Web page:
Vietnams garment and textile exports were 8.61% higher in the first half compared to 2018.

Vietnam's garment and textile exports were 8.61% higher in the first half compared to 2018.

Vietnam's garment and textile exports have risen 8.61% in the first six months of 2019 to US$17.97bn, according to new figures from the Vietnam Textile and Apparel Association (VITAS).

For the first half of 2019, garment exports alone were up 8.71% to US$14.02bn, while textile exports rose 29.9% to US$1.02bn. Fibre and yarn exports reached $2.01bn, an increase of 1.1%.

The US was the largest customer, importing products worth US$7.22bn over the six-month period, up 12.84% year-on-year.

Imports from member countries of the Comprehensive and Progressive Agreement for Trans-Pacific Partnership (CPTPP) were 11.13% higher than the same period last year at US$2.57bn, while the EU imported $2.05bn worth of garment and textile products from Vietnam, up 10.46% year-on-year.

However, according to local press, VITAS general secretary Truong Van Cam told a news conference the country had been affected indirectly by the ongoing trade spat between the US and China – with Vietnam's yarn exports to China falling since the start of the year.

To date, turnover for the industry has also grown by less than 9% and, in order to reach its US$40bn turnover target by the end of 2019, it needs to grow by 11-12%.

Achieving this may include further investments in sustainability, and concentrating on the production of high-value items during the second part of the year such as vests, jackets and winter sports goods. He also said businesses need to coordinate with each other to ensure they are meeting rules of origin under the commitments of free trade agreements.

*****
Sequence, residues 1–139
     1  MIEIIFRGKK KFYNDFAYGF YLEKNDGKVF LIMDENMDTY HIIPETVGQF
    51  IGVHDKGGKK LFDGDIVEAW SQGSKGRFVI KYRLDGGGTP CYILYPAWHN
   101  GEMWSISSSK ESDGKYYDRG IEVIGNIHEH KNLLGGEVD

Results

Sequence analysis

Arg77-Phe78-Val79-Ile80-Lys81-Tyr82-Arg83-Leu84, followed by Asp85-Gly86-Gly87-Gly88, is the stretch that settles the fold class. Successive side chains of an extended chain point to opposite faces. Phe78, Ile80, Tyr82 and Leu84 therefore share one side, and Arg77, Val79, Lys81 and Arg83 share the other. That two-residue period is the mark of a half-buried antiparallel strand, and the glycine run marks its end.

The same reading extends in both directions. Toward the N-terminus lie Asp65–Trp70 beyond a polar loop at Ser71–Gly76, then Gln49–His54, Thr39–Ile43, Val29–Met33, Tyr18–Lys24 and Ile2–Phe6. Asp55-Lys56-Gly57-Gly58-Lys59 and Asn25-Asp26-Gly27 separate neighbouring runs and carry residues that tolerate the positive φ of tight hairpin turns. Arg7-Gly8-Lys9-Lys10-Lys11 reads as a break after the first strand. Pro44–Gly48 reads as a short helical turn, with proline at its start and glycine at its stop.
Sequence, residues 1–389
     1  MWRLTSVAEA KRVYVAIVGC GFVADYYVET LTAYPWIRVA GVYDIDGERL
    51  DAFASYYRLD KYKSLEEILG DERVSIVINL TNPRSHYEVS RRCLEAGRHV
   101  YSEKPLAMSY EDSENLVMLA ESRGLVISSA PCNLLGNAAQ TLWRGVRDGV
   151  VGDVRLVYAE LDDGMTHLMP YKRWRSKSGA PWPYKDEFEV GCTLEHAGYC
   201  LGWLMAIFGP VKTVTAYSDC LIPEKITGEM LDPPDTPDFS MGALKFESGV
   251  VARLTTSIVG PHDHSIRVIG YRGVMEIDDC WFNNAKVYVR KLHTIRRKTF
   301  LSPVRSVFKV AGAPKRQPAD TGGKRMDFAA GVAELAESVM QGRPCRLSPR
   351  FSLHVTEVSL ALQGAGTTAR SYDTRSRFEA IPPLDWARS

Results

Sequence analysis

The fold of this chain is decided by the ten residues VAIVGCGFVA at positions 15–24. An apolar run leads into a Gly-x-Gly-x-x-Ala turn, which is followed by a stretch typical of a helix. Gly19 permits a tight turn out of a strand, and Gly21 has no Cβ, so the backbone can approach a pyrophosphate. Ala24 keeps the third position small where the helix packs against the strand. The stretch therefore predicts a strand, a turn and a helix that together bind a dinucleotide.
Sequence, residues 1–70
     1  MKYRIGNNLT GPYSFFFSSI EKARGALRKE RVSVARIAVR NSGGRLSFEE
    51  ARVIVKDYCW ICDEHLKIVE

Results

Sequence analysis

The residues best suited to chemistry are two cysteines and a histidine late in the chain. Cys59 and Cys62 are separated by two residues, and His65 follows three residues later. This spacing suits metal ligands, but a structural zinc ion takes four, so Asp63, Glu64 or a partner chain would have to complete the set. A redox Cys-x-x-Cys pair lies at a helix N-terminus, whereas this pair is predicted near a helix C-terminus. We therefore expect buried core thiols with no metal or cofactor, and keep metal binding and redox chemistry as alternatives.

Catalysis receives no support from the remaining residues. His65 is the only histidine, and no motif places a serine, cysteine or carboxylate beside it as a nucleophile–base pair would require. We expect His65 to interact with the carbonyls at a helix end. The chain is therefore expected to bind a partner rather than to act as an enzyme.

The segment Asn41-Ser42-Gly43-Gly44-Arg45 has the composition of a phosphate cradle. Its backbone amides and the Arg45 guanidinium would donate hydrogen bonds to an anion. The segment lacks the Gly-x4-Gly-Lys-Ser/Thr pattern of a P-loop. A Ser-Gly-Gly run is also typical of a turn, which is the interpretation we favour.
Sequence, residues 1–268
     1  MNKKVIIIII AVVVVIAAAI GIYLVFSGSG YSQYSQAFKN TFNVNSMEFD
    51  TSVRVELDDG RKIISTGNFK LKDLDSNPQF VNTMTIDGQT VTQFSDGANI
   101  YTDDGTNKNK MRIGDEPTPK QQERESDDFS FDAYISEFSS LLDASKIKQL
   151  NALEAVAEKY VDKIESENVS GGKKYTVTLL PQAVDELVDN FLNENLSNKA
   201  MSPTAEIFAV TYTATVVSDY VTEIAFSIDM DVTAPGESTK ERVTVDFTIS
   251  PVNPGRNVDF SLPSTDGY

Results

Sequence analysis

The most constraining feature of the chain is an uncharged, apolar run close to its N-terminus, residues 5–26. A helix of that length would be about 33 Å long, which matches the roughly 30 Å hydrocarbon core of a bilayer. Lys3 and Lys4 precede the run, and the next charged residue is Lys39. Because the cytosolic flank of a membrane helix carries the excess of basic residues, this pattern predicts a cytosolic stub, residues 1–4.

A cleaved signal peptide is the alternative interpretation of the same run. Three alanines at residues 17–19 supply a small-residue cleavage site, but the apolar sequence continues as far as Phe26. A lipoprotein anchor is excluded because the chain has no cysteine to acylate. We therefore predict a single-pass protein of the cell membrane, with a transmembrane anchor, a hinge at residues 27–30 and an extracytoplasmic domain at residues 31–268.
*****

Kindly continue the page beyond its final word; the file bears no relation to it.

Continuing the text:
Commenting on the Vietnam-EU Free Trade Agreement (EVFTA), he said it would "not create a sudden growth for the industry" adding the impact, post the implementation of such agreements, is always delayed.

For Vietnam's textiles and clothing, EU import duties will be eliminated over an eight-year phase-out period once the agreement comes into force.

There are also concerns over capacity and labour in Vietnam's apparel and textile industry once the EVFTA and the CPTPP trade pact, of which Vietnam is also a signatory, come into force. Added to this, there is extra pressure to find capacity in the country as US brands and retailers shift sourcing away from China to Vietnam over US tariff fears.

At a recent industry event, John McClure, M&S head of sourcing for the Far East, explained the changing role of China in the apparel supply chain, adding Vietnam could be a country to watch with the largest investment of any Southeast Asian country at the moment. 

And AT Kearney's sixth Reshoring Index also highlighted manufacturers are shifting away from China towards low-cost countries such as Vietnam. According to the re:source by just-style strategic sourcing tool, the cost to produce a single white T-shirt in Vietnam is significantly cheaper compared to China, with the cut and make cost at US$1.14 compared to $1.40 respectively, and the labour cost at just $0.08 compared to $0.18.